Air France on Monday will unveil a new pricing and service structure on flights at four key domestic airports as the carrier continues to remodel its short-haul non-hub operations.

This revamp, which will be applied to three provincial bases and operations at Paris Orly Airport, will include unbundled fares and ancillary fees for food and baggage services.

The new fare structure will exist parallel to Air France’s traditional full-service options, and will be tested on domestic and European routes from the carrier’s bases at Marseille, Nice and Toulouse, as well as Paris Orly.

Air France’s hybridization of its loss-making, non-hub short-haul operation is part of the airline’s effort to defend against the growth of low-cost carriers in its home market.

The strategy created the three provincial bases, with Nice and Toulouse opening in spring 2011 and Marseille that fall.

This latest strategic move mirrors Lufthansa’s recent decision to merge all its short-haul, non-hub flights into its low-cost unit Germanwings and reposition the operation as a value carrier with an “a la carte” service and fare concept.

The three provincial bases are performing well, but their profitability is below target, an Air France spokesperson tells Aviation Week.

The spokesperson also denies recent reports that Air France intends to close the three bases.

“We have introduced new measures to address the profitability issue and we’re confident that their financial performance will be line with the business plan from spring 2013,” the spokesperson says.

“A full review of their performance is scheduled for September and we will assess the situation at that moment,” the spokesperson adds.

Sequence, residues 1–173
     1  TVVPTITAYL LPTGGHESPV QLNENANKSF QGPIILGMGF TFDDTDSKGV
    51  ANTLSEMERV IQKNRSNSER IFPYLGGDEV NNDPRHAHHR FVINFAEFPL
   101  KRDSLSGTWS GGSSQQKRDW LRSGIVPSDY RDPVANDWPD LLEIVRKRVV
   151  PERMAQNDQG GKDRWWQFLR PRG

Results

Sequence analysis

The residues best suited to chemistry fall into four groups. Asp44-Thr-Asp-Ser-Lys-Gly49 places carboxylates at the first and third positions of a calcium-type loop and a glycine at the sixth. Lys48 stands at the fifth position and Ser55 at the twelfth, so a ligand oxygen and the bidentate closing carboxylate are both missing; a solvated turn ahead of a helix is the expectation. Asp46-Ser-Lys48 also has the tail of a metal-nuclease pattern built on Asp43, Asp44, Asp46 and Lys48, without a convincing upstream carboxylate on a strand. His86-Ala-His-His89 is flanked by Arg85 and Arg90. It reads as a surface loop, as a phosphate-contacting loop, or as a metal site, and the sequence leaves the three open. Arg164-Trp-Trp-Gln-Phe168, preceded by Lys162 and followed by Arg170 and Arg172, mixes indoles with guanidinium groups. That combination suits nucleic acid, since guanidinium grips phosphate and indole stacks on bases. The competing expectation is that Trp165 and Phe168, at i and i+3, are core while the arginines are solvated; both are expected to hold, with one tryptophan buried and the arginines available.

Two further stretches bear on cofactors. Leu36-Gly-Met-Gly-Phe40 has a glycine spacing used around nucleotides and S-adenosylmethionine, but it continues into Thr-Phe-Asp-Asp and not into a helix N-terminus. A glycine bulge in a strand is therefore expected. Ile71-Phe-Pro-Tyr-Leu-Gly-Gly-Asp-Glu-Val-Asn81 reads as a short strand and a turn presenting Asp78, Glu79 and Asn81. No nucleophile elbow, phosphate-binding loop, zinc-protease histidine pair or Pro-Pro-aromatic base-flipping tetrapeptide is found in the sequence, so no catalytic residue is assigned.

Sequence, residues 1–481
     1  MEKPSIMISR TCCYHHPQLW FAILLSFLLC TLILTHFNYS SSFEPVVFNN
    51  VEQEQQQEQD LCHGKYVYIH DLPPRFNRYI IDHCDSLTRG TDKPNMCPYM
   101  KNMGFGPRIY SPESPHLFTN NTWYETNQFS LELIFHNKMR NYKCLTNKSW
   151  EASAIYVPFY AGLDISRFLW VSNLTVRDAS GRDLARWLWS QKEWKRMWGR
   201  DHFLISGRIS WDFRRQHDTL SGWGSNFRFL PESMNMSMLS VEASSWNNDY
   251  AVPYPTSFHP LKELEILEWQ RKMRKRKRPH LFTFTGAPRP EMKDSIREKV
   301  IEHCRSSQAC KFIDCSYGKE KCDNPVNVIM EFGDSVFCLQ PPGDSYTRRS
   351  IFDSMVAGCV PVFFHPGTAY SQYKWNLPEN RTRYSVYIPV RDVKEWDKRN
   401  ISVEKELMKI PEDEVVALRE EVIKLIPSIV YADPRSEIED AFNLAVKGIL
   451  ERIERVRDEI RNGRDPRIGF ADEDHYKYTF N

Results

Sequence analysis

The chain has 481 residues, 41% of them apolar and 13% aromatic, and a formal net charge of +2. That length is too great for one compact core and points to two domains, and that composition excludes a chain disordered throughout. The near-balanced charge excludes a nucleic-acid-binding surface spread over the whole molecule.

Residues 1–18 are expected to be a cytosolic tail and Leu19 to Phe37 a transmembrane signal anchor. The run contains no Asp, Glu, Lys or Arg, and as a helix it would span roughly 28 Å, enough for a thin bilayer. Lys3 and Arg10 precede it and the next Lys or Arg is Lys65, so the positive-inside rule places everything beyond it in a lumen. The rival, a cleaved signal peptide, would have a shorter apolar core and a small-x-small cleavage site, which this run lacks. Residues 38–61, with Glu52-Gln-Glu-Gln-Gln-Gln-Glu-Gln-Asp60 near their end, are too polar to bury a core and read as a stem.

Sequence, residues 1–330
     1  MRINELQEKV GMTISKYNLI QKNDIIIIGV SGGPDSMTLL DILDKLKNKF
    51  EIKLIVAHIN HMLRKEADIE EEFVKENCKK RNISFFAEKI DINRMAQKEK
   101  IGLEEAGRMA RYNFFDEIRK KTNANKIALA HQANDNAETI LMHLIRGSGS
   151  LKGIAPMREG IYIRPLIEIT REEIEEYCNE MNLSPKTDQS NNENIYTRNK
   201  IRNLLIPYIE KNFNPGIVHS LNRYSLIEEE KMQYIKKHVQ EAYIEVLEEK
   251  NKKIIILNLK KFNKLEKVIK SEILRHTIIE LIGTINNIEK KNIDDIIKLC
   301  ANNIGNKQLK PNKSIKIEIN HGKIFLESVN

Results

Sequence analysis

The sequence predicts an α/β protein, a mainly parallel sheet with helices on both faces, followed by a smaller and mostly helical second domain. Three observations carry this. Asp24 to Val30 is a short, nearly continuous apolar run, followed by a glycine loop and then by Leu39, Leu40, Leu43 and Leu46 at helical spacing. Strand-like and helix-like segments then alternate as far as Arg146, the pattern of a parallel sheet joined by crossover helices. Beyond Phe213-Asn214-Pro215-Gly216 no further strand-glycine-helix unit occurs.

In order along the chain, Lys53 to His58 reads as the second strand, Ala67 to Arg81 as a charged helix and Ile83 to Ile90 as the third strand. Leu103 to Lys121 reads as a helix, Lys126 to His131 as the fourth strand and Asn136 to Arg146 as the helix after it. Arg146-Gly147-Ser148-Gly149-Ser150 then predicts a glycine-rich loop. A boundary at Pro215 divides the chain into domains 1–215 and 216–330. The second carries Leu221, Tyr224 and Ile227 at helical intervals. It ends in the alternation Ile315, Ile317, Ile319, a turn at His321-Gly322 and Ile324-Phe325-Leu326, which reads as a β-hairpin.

These new measures include capacity adjustments and changes to revenue management to increase yields, and will cover fuel costs, which are €60 million ($79 million) higher than initially budgeted because of rising prices.

Staff and aircraft productivity at the three provincial bases has increased 15-30%, as targeted, and passenger numbers in 2012 increased 1 million year-on-year, according to Air France.

Air France also is restructuring its domestic regional airlines, and will fold Airlinair, Brit Air and Regional into one entity with one CEO, Lionel Guerin.

Details of the new organization will be released at the end of the month.

Air France will increase its stake in Airlinair as part of the restructuring of its French regional operation. “It is a probable scenario that Air France will acquire full ownership of Airlinair,” an Air France source tells Aviation Week. Paris Orly-based Airlinair operates 24 ATR 42/72 turboprops.

Currently Air France’s wholly owned subsidiary Brit Air holds 39.86% of Airlinair and 60.14% is held by Financiere Linair, the company controlled by Lionel Guerin, who founded the airline in 1998.